3. Turn the mixture onto a clean work surface sprinkled lightly with semolina flour and press it together with your hands to form a rough ball. Knead the dough by using the palm of your hand to push the dough gently but firmly away from you, and then fold it over toward you. Rotate the dough a quarter turn, and repeat the pushing and folding motion. Continue kneading for several minutes until the dough is smooth. Form it into a ball and wrap it tightly in plastic wrap. Let the dough rest at room temperature for 30 minutes before shaping into your desired shape pasta.
4. To form lasagne noodles, stretch the dough as thin as you comfortably can, no thicker than 1/16 inch. If you lift a sheet with your hand, you should be able to see the shadow of your hand through it. Because lasagne noodles are layered, they need to be very thin. Using a sharp chef’s or similar knife, cut each sheet into rectangles about 4 inches by 5 inches.


We started by putting the dough through the pasta machine a couple of times at the largest setting, then we turned the dial to a smaller setting and put the dough through again.  We continued to pass the dough through increasingly smaller settings until it was thin enough to make the ravioli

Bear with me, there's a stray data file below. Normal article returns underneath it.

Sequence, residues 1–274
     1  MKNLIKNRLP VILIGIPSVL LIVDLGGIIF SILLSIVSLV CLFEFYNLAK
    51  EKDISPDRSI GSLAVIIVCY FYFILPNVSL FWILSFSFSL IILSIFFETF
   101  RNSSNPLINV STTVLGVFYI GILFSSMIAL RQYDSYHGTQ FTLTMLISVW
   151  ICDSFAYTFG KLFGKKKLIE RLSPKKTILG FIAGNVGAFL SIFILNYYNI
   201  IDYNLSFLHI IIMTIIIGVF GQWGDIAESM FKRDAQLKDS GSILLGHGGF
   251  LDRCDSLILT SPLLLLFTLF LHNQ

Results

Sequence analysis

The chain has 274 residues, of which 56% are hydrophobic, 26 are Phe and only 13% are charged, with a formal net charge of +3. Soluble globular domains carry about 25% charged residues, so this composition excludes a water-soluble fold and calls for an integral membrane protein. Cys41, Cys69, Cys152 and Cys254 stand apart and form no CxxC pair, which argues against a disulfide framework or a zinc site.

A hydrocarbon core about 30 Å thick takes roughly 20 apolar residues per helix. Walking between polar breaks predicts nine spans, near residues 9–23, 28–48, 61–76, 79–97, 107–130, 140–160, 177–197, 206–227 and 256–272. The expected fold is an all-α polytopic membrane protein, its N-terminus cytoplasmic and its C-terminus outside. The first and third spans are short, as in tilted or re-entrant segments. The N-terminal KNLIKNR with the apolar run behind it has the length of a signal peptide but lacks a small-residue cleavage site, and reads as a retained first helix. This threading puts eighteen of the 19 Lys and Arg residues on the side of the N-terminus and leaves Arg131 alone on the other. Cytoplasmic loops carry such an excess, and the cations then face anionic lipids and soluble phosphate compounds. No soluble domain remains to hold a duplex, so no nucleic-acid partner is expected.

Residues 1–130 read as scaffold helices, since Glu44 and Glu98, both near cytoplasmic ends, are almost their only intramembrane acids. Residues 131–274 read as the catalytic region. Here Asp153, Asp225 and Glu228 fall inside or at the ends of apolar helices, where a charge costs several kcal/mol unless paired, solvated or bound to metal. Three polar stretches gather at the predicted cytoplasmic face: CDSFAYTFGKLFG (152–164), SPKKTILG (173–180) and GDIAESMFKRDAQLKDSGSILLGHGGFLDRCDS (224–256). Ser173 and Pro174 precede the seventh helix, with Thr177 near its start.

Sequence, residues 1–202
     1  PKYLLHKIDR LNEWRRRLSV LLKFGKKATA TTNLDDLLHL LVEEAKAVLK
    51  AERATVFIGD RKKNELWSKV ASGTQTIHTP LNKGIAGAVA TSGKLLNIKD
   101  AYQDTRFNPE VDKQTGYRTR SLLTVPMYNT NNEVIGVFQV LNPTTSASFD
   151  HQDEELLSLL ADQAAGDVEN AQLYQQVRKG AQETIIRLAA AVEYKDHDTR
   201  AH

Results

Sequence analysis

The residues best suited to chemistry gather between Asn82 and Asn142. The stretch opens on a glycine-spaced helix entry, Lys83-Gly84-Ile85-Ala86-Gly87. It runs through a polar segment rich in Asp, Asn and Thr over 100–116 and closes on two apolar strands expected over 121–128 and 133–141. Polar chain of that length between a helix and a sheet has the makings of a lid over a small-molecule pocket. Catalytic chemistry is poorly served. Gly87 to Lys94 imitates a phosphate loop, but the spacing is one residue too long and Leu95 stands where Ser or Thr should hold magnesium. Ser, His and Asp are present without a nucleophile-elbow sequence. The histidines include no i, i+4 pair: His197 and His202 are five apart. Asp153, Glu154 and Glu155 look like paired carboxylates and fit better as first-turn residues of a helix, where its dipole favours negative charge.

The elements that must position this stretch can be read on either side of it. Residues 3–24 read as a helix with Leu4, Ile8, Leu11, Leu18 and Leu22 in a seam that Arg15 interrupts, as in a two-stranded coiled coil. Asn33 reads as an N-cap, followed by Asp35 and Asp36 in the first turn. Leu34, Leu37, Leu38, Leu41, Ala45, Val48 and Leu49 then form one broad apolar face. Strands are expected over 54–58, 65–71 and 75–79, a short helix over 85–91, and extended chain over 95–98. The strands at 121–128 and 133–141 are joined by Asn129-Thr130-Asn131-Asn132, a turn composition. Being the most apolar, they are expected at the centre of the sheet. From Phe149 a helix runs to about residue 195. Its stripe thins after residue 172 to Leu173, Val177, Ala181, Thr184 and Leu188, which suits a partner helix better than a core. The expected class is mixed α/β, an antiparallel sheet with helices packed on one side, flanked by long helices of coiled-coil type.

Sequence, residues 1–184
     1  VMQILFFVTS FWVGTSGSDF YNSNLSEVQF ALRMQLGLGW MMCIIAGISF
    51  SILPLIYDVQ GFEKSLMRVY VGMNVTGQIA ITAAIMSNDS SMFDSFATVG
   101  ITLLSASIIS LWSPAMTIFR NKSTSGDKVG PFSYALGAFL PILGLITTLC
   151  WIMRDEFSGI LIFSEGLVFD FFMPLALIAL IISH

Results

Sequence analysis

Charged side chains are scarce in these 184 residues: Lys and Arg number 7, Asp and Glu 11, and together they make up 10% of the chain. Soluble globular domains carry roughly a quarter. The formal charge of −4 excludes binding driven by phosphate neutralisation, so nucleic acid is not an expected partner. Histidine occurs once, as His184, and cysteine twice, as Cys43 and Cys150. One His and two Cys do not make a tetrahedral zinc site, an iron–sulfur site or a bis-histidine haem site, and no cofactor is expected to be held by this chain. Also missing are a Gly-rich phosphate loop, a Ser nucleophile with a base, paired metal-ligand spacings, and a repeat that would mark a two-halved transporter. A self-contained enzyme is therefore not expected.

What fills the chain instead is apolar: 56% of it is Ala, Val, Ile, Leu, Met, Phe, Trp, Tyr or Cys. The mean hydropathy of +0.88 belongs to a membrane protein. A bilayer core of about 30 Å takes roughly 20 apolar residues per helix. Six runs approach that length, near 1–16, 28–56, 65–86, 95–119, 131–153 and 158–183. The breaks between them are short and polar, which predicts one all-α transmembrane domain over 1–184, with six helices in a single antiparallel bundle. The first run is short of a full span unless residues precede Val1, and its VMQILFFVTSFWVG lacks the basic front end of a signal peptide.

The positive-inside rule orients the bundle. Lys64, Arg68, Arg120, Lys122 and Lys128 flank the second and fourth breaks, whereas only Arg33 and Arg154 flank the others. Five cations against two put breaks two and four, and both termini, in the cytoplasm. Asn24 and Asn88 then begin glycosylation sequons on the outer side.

Putting pasta through the machine

 filled and cut

          
ready to be boiled for 3 minutes

Rebecca brought appetizers for us to munch on while we worked.





Crostini with Sun-Dried Tomatoes and Chickpeas

From Everyday Italian by Giada De Laurentiis

Crostini:
1 baguette, cut into 24 diagonal slices 1/3-inch thick
2 tablespoons olive oil
Dip:
1 large garlic clove
1 (15½ ounce) can chickpeas (garbanzo beans), drained and rinsed
3 tablespoons fresh lemon juice
½ teaspoon salt
½ teaspoon ground pepper
¼ cup olive oil
¼ cup oil-packed sun-dried tomatoes, drained and coarsely chopped
1/4 cup fresh basil leaves
1/4 cup fresh Italian parsley leaves

 

Crostini: Preheat the oven to 375º. Place the baguette slices in a single layer on a baking sheet, and lightly brush with oil. Toast in the oven until golden, about 8 minutes. (You can toast the bread 1 day ahead. Cool, then store airtight at room temperature.)